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Long term effects of concussion

20 February, 2019

Long term effects of concussion

Approximate reading time: 1-2 minutes

Concussion symptoms are most commonly short lived - resolving in 7 - 10 days. For some - around 15% - the pain, fogginess and other symptoms can last weeks, months or years.

Long term concussion symptoms are varied with the most common being:

  • Headaches
  • Dizziness / vertigo
  • Neck stiffness
  • Spatial awareness deficits
  • ‘Foggy head’ such as memory difficulties 

There are many factors which can lead to an individual being more vulnerable to prolonged symptoms. The likelihood is not related to the severity of the injury. Losing consciousness isn't a necessary either.

The probably for sustained symptoms increases in:

  • Females
  • Migraine sufferers
  • Mental health such as anxiety or depression
  • Learning difficulties such as dyslexia
  • Behavioural concerns such as attention deficit (ADHD / ADD)

Increased risk of injury

Musculoskeletal injuries are more common after concussions (Howell et al 2018). For a full year after the concussion there's a greater risk (Lynall et al. 2016) (Nordström et al 2016). Another study by Nyberg (2015) found that post concussion players returning to sport had more severe knee injuries. There’s been found to be particular associations with ankle sprains, knee injuries and leg muscle strains (Gilbert et al 2016).

The research doesn’t know why this is the case yet. The current theory is that there’s alterations in the motor and attentional control in the brain that remain after a concussion.

We know that there’s changes in balance and walking style after a concussion (Howell et al 2019). These can be clues as to how the brain is recovering.

Appointments available in Moonee Ponds or online.

About the Author

Dr Cassie Atkinson-Quinton - Chiropractor, Brain Health Coach & Biofeedback Practitioner

Dr Cassie is a Chiropractor and Brain Health Coach. Having a special interest in treating nerves and brain-based conditions like nerve pain, chronic pain, dizziness, whiplash, migraines and fibromyalgia. She's one of a handful of practitioners to be trained in Neuro-Rehabilitation, Neurofeedback, QEEG Functional Brain Scans and Brain Health Coaching.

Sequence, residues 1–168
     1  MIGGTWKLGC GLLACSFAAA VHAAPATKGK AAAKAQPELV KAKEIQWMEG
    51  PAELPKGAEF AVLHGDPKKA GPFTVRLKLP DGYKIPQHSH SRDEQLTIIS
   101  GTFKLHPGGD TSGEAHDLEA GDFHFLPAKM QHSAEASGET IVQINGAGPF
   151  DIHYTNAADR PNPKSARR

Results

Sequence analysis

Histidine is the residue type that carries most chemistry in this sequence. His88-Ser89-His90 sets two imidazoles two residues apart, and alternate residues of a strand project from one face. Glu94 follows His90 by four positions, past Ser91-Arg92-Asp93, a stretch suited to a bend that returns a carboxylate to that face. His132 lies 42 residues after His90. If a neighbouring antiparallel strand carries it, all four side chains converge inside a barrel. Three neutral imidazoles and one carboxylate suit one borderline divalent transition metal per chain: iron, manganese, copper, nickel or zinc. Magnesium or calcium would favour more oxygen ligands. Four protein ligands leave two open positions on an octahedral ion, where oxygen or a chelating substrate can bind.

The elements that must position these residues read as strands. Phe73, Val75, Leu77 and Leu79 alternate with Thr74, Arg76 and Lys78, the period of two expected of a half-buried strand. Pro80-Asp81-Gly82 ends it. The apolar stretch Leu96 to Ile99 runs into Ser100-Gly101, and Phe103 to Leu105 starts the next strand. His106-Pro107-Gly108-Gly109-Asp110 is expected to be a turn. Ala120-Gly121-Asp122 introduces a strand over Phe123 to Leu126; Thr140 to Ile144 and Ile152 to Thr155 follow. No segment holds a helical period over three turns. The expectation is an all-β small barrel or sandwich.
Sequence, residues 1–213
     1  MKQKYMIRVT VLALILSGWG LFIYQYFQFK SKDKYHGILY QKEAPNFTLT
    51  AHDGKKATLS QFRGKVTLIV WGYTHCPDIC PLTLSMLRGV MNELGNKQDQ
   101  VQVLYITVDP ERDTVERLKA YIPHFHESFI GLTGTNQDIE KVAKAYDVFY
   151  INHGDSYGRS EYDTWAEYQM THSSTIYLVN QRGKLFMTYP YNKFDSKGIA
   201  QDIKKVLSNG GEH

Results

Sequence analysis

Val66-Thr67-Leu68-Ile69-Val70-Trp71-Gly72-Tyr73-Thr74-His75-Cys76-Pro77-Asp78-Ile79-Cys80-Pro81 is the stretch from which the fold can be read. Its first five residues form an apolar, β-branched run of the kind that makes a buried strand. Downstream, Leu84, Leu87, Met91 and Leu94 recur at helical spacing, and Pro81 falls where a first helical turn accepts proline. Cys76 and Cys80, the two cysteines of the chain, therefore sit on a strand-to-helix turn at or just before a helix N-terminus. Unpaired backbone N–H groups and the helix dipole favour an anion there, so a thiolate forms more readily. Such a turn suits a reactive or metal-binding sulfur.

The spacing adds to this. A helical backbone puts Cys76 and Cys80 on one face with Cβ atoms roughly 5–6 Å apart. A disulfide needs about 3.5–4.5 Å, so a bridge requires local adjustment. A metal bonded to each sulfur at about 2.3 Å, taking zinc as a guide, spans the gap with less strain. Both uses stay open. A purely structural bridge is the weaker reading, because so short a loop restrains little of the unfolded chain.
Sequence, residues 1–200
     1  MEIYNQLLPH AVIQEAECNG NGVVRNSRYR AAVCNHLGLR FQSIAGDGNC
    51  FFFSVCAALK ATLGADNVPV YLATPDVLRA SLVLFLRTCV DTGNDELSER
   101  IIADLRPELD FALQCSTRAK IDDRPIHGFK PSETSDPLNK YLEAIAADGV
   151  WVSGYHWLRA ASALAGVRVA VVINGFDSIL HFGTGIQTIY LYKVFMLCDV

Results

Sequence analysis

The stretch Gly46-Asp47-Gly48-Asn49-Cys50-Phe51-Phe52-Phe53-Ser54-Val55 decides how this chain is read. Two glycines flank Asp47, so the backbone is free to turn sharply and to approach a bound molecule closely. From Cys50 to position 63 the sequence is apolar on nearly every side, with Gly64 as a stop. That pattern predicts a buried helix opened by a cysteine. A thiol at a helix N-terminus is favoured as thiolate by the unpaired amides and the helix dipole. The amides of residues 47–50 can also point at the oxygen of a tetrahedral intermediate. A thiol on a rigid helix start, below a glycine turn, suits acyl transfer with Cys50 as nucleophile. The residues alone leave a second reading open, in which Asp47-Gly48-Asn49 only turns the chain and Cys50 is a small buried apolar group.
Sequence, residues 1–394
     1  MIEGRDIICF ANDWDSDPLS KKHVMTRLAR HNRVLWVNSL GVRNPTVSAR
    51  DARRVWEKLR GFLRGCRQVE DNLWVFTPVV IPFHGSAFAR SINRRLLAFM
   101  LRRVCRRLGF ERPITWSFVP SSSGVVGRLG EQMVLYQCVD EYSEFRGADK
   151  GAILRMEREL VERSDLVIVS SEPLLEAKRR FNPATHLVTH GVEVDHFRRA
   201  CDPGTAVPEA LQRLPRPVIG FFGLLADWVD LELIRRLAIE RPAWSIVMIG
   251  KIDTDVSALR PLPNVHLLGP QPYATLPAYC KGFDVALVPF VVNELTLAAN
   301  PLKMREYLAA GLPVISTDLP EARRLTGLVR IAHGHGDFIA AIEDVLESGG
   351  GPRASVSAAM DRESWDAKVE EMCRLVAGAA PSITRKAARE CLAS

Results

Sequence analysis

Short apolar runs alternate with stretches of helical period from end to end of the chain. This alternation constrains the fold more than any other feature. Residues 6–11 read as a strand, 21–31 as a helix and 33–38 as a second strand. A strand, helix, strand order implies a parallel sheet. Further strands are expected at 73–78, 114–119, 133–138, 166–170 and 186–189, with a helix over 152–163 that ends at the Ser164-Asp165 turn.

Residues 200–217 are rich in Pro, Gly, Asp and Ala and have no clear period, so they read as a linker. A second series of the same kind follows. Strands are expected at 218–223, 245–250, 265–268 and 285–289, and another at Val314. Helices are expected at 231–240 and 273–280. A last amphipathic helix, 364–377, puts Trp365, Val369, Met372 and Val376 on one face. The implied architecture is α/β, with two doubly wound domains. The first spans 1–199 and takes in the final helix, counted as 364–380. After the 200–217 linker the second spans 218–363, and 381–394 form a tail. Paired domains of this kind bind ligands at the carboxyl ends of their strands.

She’s had concussions and atypical migraines as well as a vestibular disorder called Labyrinthitis. During this time, she would hold on to tables to avoid falling over. She understands the journey coming from a family of chronic pain and migraine sufferers.

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  • Brooks MA, Peterson K, Biese K, et al. (2016). Concussion increases odds of sustaining a lower extremity musculoskeletal injury after return to play among collegiate athletes. Am J Sports Med. 2016;44:742–7.
  • Gilbert FC, Burdette GT, Joyner AB, et al (2016). Association between concussion and lower extremity injuries in collegiate athletes. Sports Health. 2016;8:561–7.
  • Howell DR, Lynall RC, Buckley TA & Herman DC (2018). Neuromuscular Control Deficits and the Risk of Subsequent Injury after a Concussion: A Scoping Review. Sports medicine (Auckland, N.Z.), 48(5), 1097–1115.
  • Iverson GL, Gardner AJ, Terry DP, Ponsford JL, Sills AK, Broshek DK & Solomon GS (2017). Predictors of clinical recovery from concussion: a systematic review. Br J Sports Med. 2017 Jun; 51(12): 941–948.Published online 2017 May 31. Doi: 10.1136/bjsports-2017-097729
  • Lariviere K, Bureau S, Marshall C & Holahan MR (2019). Interaction between Age, Sex, and Mental Health Status as Precipitating Factors for Symptom Presentation in Concussed Individuals. J Sports Med (Hindawi Publ Corp). 2019; 2019: 9207903.Published online 2019 Dec 31. doi: 10.1155/2019/9207903
  • Lynall RC, Mauntel TC, Padua DA, et al (2015). Acute lower extremity injury rates increase after concussion in college athletes. Med Sci Sports Exerc. 2015;47:2487–92.
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